• Objects and Methods • Java is an object-oriented programming (OOP) language – Programming methodology that views a program as consisting of objects that interact with one another by means of actions (called methods) – Objects of the same kind are said to have the same type or be in the same class Copyright © 2012 Pearson Addison-Wesley. All rights reserved. 1-6
    • Terminology Comparisons • Other high-level languages have constructs called procedures, methods, functions, and/or subprograms – These types of constructs are called methods in Java – All programming constructs in Java, including methods, are part of a class Copyright © 2012 Pearson Addison-Wesley. All rights reserved. 1-7
    • Java Application Programs • There are two types of Java programs: applications and applets • A Java application program or "regular" Java program is a class with a method named main – When a Java application program is run, the run-time system automatically invokes the method named main – All Java application programs start with the main method Copyright © 2012 Pearson Addison-Wesley. All rights reserved. 1-8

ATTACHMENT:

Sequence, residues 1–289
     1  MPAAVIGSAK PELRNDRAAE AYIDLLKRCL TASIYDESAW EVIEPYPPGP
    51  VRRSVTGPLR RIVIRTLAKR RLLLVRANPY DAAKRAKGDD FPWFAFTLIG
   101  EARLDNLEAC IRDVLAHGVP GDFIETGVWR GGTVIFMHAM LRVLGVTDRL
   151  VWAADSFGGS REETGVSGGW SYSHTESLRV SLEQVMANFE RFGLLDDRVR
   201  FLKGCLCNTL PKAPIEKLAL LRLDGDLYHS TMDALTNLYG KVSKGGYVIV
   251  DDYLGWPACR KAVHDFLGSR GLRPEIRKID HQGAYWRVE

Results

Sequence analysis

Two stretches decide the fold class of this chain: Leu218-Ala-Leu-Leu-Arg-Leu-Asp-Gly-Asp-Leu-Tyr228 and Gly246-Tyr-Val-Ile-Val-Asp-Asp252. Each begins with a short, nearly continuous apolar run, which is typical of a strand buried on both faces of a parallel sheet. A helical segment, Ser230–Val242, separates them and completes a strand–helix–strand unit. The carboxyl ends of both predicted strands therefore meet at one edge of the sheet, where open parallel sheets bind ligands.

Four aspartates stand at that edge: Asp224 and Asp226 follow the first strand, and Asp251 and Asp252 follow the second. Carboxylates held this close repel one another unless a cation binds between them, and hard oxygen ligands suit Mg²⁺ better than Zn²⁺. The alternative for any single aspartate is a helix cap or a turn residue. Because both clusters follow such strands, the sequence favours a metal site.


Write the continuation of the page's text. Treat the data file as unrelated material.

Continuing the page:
• Applets • A Java applet (little Java application) is a Java program that is meant to be run from a Web browser – Can be run from a location on the Internet – Can also be run with an applet viewer program for debugging – Applets always use a windowing interface • In contrast, application programs may use a windowing interface or console (i.e., text) I/O Copyright © 2012 Pearson Addison-Wesley. All rights reserved. 1-9
    • A Sample Java Application Program Copyright © 2012 Pearson Addison-Wesley. All rights reserved. 1-10
    • System.out.println • Java programs work by having things called objects perform actions – System.out: an object used for sending output to the screen • The actions performed by an object are called methods – println: the method or action that the System.out object performs Copyright © 2012 Pearson Addison-Wesley. All rights reserved. 1-11